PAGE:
• Remembrance: Pauline Louise Shively Daggett, 88, a former assistant to the secretary of the Church of the Brethren Annual Conference, died on Feb. 14 at Timbercrest Healthcare Center in North Manchester, Ind. She was born in Wabash County, Ind., to Frank O. and Freda (Anderson) Ulery. On Sept. 19, 1942, she married Noah L. Shively. He died on July 11, 1988. She married J.W. (Bill) Daggett on Feb. 15, 1997. He died on June 10, 2000. She graduated from the International Business School in Fort Wayne, Ind. She worked at the Heckman Bindery for 10 years and then became administrative secretary for Manchester Church of the Brethren, where she was a member. In addition to seven years assisting the Conference secretary, her volunteer work for the church included service on Standing Committee; service as youth advisor for South Central Indiana District for 10 years, working along with her husband; and service on the board of Camp Alexander Mack in Milford, Ind. Surviving are sons James (Amy) Shively of Roann, Ind., and Robert (Paula) Shively of New Paris, Ind.; daughter, Linda (George) Blair of Tulsa, Okla.; step-sons John (Denise) Daggett and Dan (Theresa) Daggett; grandchildren and great-grandchildren. A memorial service will be held Feb. 26 at 11 a.m. at Manchester Church of the Brethren. Memorial contributions are received to Camp Mack.

  • Alan Patterson is the new executive director of Camp Eder in Fairfield, Pa. The camp newsletter in January reported a number of staff changes, and called for prayers of blessings for former executive director Michele Smith; announced that Judy Caudill has left as hospitality assistant; welcomed Keri Gladhill as new office manager; and expressed thanks for the work of interim executive directors Tim Frisby and Tom Brant before the hiring of Patterson in Nov. 2010.

  • Carol Smith has begun as a math teacher at the EYN Comprehensive Secondary School in Mubi, Nigeria, as of Feb. 3. The school is a Christian school founded for the children of members of Ekklesiyar Yan'uwa a Nigeria (EYN--the Church of the Brethren in Nigeria), as well as other Christian denominations. Her appointment as a program volunteer is supported by the Church of the Brethren’s Global Mission Partnerships. Her prior experience abroad includes nine years of teaching math in Nigerian secondary schools, colleges, and universities. She also has taught a variety of math levels in the United States for over 30 years. She holds a bachelor’s degree in mathematics and Spanish from Manchester College in North Manchester, Ind.; a master of science degree in computer science from the University of Illinois at Chicago; and a master of arts in mathematics from Illinois State University. Her home congregation is Crest Manor Church of the Brethren in South Bend, Ind.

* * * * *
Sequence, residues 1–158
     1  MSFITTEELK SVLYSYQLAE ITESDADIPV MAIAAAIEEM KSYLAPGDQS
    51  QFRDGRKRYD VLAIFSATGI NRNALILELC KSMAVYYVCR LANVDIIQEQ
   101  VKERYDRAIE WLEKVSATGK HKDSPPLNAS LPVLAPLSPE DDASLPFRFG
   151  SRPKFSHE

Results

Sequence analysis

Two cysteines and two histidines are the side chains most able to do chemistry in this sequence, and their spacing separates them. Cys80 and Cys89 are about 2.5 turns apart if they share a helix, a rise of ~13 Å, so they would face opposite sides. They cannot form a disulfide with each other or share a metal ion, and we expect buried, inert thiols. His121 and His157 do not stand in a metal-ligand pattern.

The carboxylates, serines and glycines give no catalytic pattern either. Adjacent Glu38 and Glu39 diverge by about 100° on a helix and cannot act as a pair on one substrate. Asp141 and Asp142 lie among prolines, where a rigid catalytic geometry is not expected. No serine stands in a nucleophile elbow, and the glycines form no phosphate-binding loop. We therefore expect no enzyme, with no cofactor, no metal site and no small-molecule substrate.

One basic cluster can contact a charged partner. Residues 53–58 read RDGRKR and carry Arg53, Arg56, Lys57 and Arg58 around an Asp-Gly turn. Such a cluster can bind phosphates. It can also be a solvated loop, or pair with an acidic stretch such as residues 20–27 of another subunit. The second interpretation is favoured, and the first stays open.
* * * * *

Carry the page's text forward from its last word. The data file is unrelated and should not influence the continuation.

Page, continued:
• Brethren Benefit Trust (BBT) seeks a programmer analyst and technology support specialist for a full-time salaried position at the Church of the Brethren General Offices in Elgin, Ill. The primary responsibility is to develop and maintain a working knowledge of all IT systems; handle technology support requests from staff; write, analyze, review, and rewrite programs as well as maintain current computer programs; conduct trial runs; write documentation of programmed applications; provide back up for the Director of Operations for Information Technology, and complete other duties assigned. The ideal candidate will possess a high level of technical proficiency, intense attention to detail, impeccable integrity, a collegial and engaging demeanor, and a strong faith commitment. BBT seeks candidates with an undergraduate degree in computer science or related fields/work experience. Requirements include strong verbal and written communications skills, ability to work independently and to conceptualize and understand data with minimal direction, and proficiency in: Microsoft Visual Studio (2008/10) – .net Framework, MS SQL, XML, or C#, Windows Forms Application and In addition, preferred skills include Javascript, HTML, Sharepoint, SSRS, AJAX, and Crystal Reports. Current and active membership in the Church of the Brethren is preferred; current and active membership in a faith community is required. Salary and benefits are competitive with Church Benefits Association agencies of comparable size and scope of services. A full benefits package is included. Apply by sending a letter of interest, résumé, three professional references, and salary-range expectation to Donna March, 1505 Dundee Ave., Elgin, IL 60120; For questions or clarification about the position call 847-622-3371. For more information about Brethren Benefit Trust visit